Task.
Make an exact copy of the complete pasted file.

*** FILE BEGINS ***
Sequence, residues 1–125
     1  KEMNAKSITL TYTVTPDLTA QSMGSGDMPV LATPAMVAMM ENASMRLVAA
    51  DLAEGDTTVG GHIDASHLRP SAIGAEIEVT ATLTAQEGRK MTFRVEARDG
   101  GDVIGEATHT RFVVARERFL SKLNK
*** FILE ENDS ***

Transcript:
Sequence, residues 1–125
     1  KEMNAKSITL TYTVTPDLTA QSMGSGDMPV LATPAMVAMM ENASMRLVAA
    51  DLAEGDTTVG GHIDASHLRP SAIGAEIEVT ATLTAQEGRK MTFRVEARDG
   101  GDVIGEATHT RFVVARERFL SKLNK